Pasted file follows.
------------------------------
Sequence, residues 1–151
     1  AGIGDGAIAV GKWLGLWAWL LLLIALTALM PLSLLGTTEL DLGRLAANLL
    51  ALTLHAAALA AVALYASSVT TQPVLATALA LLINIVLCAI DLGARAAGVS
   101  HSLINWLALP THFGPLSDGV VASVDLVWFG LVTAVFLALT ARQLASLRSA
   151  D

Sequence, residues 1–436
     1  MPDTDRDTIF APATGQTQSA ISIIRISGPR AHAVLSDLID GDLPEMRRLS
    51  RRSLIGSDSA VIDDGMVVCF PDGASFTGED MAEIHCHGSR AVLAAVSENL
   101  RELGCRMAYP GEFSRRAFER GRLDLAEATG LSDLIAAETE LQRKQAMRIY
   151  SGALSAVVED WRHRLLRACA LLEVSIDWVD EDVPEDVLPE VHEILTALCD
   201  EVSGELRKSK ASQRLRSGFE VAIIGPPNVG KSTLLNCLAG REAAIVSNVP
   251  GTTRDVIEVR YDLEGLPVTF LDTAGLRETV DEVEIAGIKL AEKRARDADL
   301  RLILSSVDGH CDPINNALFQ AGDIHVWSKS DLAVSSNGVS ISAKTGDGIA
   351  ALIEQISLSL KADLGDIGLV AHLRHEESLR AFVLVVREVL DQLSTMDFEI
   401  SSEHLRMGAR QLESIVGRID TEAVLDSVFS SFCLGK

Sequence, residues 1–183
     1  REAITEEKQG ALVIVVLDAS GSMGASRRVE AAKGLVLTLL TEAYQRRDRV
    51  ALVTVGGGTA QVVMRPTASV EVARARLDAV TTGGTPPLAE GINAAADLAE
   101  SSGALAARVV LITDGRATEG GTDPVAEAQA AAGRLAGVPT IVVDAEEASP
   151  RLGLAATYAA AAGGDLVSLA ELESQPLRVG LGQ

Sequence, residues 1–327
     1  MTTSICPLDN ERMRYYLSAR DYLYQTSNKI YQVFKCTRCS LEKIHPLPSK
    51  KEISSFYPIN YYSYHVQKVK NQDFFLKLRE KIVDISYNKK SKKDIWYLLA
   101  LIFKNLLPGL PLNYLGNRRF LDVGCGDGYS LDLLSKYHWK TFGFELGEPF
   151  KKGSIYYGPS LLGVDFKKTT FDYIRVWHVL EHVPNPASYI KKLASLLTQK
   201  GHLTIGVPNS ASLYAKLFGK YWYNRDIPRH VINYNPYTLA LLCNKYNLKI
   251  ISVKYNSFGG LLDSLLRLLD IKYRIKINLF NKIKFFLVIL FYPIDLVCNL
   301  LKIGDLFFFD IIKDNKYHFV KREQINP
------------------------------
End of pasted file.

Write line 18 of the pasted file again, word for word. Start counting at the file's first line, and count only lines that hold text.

    51  ALVTVGGGTA QVVMRPTASV EVARARLDAV TTGGTPPLAE GINAAADLAE